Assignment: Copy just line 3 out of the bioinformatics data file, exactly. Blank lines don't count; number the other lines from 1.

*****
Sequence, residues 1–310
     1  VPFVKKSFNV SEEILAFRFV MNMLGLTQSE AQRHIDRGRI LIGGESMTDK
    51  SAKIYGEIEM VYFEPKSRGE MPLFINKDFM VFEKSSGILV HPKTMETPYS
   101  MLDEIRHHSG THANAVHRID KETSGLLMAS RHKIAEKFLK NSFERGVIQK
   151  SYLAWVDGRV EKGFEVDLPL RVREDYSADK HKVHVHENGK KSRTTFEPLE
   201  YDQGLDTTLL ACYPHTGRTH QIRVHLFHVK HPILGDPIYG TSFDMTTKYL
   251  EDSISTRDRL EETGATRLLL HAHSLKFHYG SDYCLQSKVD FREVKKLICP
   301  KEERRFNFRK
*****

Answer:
    51  SAKIYGEIEM VYFEPKSRGE MPLFINKDFM VFEKSSGILV HPKTMETPYS